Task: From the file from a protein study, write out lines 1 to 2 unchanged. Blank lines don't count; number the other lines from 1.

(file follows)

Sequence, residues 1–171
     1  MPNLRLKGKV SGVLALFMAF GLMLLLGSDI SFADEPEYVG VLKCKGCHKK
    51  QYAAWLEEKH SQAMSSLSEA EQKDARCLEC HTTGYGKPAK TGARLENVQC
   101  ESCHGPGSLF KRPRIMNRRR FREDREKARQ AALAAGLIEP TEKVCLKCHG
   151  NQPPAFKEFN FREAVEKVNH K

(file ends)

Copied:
Sequence, residues 1–171
     1  MPNLRLKGKV SGVLALFMAF GLMLLLGSDI SFADEPEYVG VLKCKGCHKK